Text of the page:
Sunday, October 10, 2010

Reflections: The Land of the Blue Flower

I think I’m going to start sounding like an old broken record when I write about children’s classics. But I can’t help marveling at these authors and wish so dearly to go back in time and relive my childhood days with books such as these teaching me wonderful little principles of leading my life in such simple and enchanting ways.

King Amor’s father was a selfish and greedy ruler of his beautiful land. His foul temperament reflected on his people too, for a shaky, ruthless governance leads to conflicts within locals. When Amor was born, his father got killed in a battle, and  his mother, the Queen didn’t wish her son to grow up in a place filled with hatred and vengeance. She handed him over to a wise old man who lived in the nearby mountains. She asked him to raise him well and bring him to his rightful throne when he was old enough to be King. The old man took the child to a serene palace up on the mountains, and taught the child how to commune with Nature, and to regard every animal and plant as his own kin. The child was infused only with good and positive thoughts and energy, that he never experienced any negative emotion such as hatred, anger or pain. When Amor grew up, he was as peaceful and wise as the old man himself. The tale is all about how this young prince goes to his kingdom and reforms his land and people - using his refreshingly positive attitude and clean and peaceful spirit.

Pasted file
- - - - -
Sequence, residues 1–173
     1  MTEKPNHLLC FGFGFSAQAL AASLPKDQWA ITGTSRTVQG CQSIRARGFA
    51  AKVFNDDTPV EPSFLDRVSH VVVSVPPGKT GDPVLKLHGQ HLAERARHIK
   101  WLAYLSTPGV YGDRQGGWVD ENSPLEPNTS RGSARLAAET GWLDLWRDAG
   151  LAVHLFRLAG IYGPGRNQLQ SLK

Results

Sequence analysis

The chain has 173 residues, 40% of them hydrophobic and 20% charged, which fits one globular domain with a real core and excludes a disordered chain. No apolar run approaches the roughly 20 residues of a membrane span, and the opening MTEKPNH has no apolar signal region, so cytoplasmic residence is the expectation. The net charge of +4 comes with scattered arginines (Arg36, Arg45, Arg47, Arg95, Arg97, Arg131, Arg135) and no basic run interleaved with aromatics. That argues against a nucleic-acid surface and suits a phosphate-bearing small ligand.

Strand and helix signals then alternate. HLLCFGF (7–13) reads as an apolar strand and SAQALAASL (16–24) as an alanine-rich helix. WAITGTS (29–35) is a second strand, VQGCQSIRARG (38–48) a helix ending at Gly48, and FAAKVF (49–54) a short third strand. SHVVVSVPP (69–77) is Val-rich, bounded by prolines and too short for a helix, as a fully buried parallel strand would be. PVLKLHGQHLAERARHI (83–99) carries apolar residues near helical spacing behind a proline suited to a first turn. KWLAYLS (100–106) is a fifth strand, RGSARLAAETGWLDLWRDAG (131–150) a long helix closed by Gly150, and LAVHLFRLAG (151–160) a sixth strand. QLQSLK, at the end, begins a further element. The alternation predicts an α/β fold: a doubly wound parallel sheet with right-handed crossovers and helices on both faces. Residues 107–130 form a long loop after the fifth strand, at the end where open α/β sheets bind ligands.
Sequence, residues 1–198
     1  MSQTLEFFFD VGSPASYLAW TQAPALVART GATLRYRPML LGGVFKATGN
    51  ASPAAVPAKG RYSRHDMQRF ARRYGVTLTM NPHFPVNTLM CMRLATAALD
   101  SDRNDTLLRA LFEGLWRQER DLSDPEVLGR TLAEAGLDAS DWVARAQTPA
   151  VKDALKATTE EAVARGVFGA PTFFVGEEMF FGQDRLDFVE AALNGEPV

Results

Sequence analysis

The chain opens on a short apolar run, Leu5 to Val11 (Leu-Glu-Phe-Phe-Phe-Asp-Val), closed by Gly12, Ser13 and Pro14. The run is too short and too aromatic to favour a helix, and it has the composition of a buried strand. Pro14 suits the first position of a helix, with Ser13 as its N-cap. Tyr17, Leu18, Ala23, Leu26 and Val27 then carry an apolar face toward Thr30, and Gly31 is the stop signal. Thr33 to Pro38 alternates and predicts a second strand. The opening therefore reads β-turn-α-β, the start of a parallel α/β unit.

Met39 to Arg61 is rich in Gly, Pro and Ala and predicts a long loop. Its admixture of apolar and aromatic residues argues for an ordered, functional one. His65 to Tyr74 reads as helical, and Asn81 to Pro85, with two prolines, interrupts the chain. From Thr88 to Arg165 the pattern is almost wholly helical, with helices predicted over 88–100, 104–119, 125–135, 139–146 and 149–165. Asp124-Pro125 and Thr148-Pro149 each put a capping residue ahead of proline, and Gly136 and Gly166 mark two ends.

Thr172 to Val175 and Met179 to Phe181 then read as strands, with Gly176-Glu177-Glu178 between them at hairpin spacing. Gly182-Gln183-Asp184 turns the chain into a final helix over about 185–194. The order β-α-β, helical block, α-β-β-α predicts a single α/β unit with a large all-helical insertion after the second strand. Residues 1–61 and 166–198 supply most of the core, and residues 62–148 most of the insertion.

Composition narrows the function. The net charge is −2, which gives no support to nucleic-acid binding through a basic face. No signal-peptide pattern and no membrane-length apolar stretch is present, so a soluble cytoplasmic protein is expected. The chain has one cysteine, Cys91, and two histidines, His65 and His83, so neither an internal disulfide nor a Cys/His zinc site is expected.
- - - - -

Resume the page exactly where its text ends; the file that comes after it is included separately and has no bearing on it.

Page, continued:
If you’ve read Burnett’s The Secret Garden, you must be familiar with the themes she teaches kids. This tale has the same themes, but is conveyed through a slightly different story. She warns kids against harboring negative thoughts, gently showing that negativity only depletes our energy and prevents us from doing anything constructive. If we focus on creating something beautiful, and put our heart and energy into it with an open and positive spirit, we can create magic.

Burnett loves gardening and growing flowers (my kindred spirit!). So she uses the same example to show us the world of good that can come out of going out in the Sun and interacting with Nature. If we truly appreciated Nature and lived one with it, Nature and her children will reciprocate our kindness. And the best way to reform people is through kindness and compassion. 

Can a children’s book that covers themes on peace, the importance of respecting Nature and our environment, the power of positivity and the human will, and the futility and risk of negative thoughts, get any better? Plus, it’s all spiced up in a cute fantasy story that flows with Burnett’s wonderful prose. Children should not miss this book.


SecondSight said...

Got it ;). God bless the internet!

Neeraja said...

I know! God bless Kindle freebies too ;)